- Secret Origins V2, #9 (cameo)
- The Spectre V1 #6 (text feature)
- Stars and S.T.R.I.P.E. #0, 1 (cameos), 9
- Super DC Giant S-15 (reprint)
- Superman and Batman: World's Finest (cameo)
- Superman's Pal Jummy Olsen
- Vigilante: City Lights, Prairie Justice #1-4
- Wanted: The World's Most Dangerous Super-Villains #3 (reprint)
- Western Comics #2
- World's Finest Comics #214, 225 (reprint), 227 (reprint), 228 (reprint), 244-248
- The Young All-Stars #1, 3 (cameo), 4 (cameo), 5 (cameo), 25 (cameo), 27, Annual #1
- Seven Soldiers of Victory #0
- Bulleteer #2,3, 4
- Pre-Crisis, there were both an Earth-1 and an Earth-2 Vigilante. Both were Greg Saunders from their respective Earths. Earth-1's Vigilante was shown for the first time in the pages (and cover) of the JLA issue where the superteam moved to their classic headquarters on an orbiting satellite (Justice League of America volume 1 # 78).
- In Detective Comics #493 it was revealed that Greg Saunders had a nephew, Michael Carter, who became a costumed crimefighter too, the Swashbuckler.
- In the series Kingdom Come, artist and writer Alex Ross portrays the cowboy version of the Vigilante fighting alongside the rogue metahumans as a steampunk cyborg with a pinwheel/steam engine arm with a gatling gun on the end.
The original Vigilante appears in Justice League Unlimited, in the traditional cowboy-style hat, costume and red neckscarf mask. He is voiced by Nathan Fillion. This version of Vigilante rides a motorcycle and appears to use a pair of revolvers that fire special bullets. He is usually paired with Shining Knight to contrast between their lone wolf and chivalrous attitudes.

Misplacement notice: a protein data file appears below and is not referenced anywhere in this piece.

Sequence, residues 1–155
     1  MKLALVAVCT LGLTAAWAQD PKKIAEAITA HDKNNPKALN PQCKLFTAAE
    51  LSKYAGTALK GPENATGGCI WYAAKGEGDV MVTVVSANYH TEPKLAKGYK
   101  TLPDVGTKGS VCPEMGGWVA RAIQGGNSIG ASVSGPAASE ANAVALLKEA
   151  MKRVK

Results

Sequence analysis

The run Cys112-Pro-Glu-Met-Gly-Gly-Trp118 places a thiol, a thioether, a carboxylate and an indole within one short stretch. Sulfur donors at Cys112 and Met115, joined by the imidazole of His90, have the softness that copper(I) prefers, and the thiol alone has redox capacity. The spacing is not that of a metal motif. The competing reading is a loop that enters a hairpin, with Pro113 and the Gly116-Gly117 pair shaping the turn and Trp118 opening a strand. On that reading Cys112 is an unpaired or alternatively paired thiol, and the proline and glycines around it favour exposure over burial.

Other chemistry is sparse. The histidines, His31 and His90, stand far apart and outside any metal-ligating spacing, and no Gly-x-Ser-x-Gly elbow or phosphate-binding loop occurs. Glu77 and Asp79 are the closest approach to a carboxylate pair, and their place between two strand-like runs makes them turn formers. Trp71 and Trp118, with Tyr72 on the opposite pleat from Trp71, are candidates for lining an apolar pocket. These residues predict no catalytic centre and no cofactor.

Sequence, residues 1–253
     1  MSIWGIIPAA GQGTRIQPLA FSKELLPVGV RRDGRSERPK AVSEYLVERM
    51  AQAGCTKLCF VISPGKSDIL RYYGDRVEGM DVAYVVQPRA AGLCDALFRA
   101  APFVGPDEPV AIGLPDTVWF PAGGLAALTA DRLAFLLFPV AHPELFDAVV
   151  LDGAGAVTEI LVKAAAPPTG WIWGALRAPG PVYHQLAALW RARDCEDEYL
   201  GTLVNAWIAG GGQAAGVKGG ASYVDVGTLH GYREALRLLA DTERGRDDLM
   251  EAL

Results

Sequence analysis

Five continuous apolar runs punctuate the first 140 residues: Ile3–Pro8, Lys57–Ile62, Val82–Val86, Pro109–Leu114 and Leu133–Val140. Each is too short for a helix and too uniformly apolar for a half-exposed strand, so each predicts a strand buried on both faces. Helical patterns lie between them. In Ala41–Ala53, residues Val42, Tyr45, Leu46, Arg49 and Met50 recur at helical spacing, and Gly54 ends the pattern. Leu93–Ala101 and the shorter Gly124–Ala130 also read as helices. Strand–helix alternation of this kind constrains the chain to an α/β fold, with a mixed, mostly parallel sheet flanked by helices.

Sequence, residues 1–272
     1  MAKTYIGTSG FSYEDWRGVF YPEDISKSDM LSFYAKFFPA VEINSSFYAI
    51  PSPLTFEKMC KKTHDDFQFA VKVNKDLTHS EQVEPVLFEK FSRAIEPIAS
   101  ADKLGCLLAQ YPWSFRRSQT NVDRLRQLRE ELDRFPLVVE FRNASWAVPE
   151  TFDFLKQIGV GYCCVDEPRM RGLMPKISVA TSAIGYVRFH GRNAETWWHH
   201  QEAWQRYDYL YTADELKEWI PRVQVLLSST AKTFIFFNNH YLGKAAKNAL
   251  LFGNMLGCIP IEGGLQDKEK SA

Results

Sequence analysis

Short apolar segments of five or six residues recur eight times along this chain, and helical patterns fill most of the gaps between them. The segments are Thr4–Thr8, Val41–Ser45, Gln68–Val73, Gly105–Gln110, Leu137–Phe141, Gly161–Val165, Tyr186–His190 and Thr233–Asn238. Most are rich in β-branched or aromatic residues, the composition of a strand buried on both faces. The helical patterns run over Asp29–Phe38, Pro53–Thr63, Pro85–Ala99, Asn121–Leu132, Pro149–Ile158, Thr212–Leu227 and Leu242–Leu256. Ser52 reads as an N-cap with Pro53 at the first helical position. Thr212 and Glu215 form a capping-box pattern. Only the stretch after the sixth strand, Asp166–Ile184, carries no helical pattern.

In "Hunter's Moon", Vigilante mentions that he was imprisoned by the Thanagarians during their invasion, which temporarily brought him at odds with Hawkgirl, who was leading the mission in this particular episode. He also appears in episodes like "Dark Heart" and "Task Force X" (where he was voiced by Michael Rosenbaum). There is also suggestion that he, like his comic book counterpart, is a country singer, as he claims to play the guitar in the episode "Patriot Act".
Vigilante is shown in the finale, "Destroyer", shooting at parademons along the Great Wall of China, and shares the "curtain call" finale with the Shining Knight, the Crimson Avenger, Stargirl and S.T.R.I.P.E — the DCAU equivalents of the Seven Soldiers, save for Green Arrow.
In 1947 Columbia Pictures released a 15-chapter serial loosely based on the original Greg Sanders character, called The Vigilante. It starred Ralph Byrd in the title role but changed several aspects. In the serial, The Vigilante is a masked government agent undercover as a playboy actor starring in Westerns. His mission in the serial is to investigate the disappearance, and possible smuggling into America, of a string of rare blood red pearls. The costume has been slightly changed as well but The Vigilante still rides a motorcycle and wields a gun. This serial makes Vigilante one of the first DC Comics characters adapted to live action film (along with Congo Bill, the same year). Batman was adapted into a serial in 1943 and Hop Harrigan in 1946, but Superman was not made until 1948. The Fawcett Comics characters, Captain Marvel and Spy Smasher, which were later bought by DC, had serials in 1941 and 1942 respective.
Vigilante is set to appear in the upcoming video game DC Universe Online.
- Vigilante (Greg Saunders) at the DCU Guide
- Vigilante (Greg Saunders) at the Comic Book DB
- Vigilante (Adrian Chase) at the DCU Guide
- Vigilante (Adrian Chase) at the Comic Book DB
- Vigilante (Allan Welles) at the Comic Book DB
- Vigilante (Dave Winston) at the Comic Book DB
- Vigilante (Pat Trayce) at the DCU Guide
- Vigilante (Pat Trayce) at the Comic Book DB
- Vigilante (Justin Powell) at the Comic Book DB
- Vigilante (new) at the Comic Book DB
- Titans Tower Profile: Vigilante II (Adrian Chase)
- Comic Book Profile: Vigilante (Greg Saunders)
- Comic Book Profile: Earth-1 Vigilante (Greg Saunders)
- Earth-2 Vigilante (Greg Saunders) Index
- Earth-1 Vigilante (Adrian Chase) Index
- Post-Crisis Vigilante (Adrian Chase) Index
- Bio of Swashbuckler, Greg Saunders' nephew